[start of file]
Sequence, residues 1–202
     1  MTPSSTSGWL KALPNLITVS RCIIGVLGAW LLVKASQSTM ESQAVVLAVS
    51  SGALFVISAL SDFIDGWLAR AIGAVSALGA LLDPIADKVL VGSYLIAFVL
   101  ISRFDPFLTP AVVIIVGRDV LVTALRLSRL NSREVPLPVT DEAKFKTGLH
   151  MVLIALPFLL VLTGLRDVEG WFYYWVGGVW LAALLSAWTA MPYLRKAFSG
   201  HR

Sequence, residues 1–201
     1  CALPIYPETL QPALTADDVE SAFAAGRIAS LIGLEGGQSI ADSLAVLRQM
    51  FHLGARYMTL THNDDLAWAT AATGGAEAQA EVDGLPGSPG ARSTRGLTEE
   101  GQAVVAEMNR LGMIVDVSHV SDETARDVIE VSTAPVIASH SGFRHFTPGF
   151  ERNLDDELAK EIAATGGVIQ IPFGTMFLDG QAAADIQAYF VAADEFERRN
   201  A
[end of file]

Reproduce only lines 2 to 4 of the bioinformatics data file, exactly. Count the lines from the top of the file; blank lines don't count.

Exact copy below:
     1  MTPSSTSGWL KALPNLITVS RCIIGVLGAW LLVKASQSTM ESQAVVLAVS
    51  SGALFVISAL SDFIDGWLAR AIGAVSALGA LLDPIADKVL VGSYLIAFVL
   101  ISRFDPFLTP AVVIIVGRDV LVTALRLSRL NSREVPLPVT DEAKFKTGLH